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Alpha-1 antitrypsin deficiency (AATD) is also a rare genetic disorder that causes COPD.4 Alpha-1 antitrypsin (AAT) is a serine protease inhibitor that protects lung tissue from proteolytic damage by inhibiting elastase, an enzyme secreted by white blood cells. The disorder is caused by a single genetic variant and clinical manifestations include panacinar emphysema, airway hyperresponsiveness, and bronchiectasis.7

Clinical Manifestations

Chronic obstructive pulmonary disease causes a range of symptoms that lead to a daily burden and limitations of daily activity in the affected individual. The most common symptoms are dyspnea, cough, and sputum production.4 Patients also experience wheezing, fatigue, chest tightness, and chest congestion.4 Many persons report breathlessness that varies daily, weekly, or seasonally. Of the patients who report seasonal variability in their COPD symptoms, 56% report their symptom burden is greatest during the winter months.8 Winter is associated with an increased risk of COPD exacerbations and it is thought that the cold, damp environment prevailing during the winter months as well as increased exposure to respiratory viral infections at that time of year may partly explain this seasonal association.9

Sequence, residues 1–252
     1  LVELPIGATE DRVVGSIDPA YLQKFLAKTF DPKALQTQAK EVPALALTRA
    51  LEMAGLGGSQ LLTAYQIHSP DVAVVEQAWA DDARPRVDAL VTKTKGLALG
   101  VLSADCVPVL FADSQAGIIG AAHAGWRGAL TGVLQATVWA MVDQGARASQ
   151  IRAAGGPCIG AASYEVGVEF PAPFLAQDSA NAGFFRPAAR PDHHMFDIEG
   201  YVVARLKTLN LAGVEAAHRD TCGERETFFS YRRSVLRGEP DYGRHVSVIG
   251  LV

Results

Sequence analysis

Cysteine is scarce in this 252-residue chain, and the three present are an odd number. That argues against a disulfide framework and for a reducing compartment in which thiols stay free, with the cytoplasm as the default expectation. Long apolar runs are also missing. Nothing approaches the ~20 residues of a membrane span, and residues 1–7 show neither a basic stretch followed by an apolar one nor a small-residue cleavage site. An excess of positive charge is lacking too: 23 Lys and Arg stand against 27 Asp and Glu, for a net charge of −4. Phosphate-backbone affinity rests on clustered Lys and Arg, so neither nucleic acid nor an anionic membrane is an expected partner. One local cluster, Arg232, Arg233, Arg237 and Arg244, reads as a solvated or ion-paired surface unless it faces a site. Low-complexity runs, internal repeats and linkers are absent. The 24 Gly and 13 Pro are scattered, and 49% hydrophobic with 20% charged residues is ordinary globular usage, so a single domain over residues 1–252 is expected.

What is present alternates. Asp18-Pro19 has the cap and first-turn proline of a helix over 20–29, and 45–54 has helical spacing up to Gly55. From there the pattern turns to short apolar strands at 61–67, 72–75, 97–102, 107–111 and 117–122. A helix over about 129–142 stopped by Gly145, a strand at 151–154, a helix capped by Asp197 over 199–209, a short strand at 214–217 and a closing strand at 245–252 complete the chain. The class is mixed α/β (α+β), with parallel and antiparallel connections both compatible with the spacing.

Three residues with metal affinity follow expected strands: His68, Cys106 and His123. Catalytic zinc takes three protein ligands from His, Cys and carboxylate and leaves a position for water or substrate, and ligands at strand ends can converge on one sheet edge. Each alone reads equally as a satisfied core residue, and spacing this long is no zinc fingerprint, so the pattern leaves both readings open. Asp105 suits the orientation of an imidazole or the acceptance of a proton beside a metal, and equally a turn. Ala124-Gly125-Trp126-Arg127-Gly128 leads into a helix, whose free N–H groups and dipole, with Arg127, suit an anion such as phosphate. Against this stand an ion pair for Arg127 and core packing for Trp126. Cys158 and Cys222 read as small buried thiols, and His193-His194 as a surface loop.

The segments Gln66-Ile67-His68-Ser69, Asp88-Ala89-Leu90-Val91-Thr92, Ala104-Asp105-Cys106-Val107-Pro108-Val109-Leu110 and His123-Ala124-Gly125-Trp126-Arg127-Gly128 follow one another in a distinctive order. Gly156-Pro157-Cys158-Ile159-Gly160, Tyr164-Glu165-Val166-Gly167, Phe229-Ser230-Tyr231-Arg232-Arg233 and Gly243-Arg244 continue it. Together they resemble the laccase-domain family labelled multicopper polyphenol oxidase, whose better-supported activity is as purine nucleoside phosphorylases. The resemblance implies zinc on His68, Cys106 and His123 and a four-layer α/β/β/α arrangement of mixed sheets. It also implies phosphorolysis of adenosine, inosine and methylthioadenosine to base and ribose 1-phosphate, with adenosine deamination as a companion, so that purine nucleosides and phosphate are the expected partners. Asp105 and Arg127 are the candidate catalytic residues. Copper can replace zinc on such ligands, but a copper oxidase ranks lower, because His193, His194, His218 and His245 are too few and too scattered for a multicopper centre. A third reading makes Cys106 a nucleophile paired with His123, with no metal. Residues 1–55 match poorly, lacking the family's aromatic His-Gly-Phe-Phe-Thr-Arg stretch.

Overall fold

Physical findings that are associated with COPD include cyanosis, enlarged chest diameter, prolonged exhalation phase in breathing, and breathlessness with exertion. Cyanosis may be observed particularly in the lips and mucous membranes in persons with severe COPD and hypoxia. A large amount of retained air in the chest can create a barrel shape. Patients tend to have orthopnea; difficulty breathing in the supine position. Sitting forward or tripoding eases breathing. When auscultating the chest, diminished breath sounds, prolonged exhalation, and wheezing are found. Patients with cor pulmonale can have bilateral crackles and signs of right ventricular failure such as jugular venous distension and ankle edema.10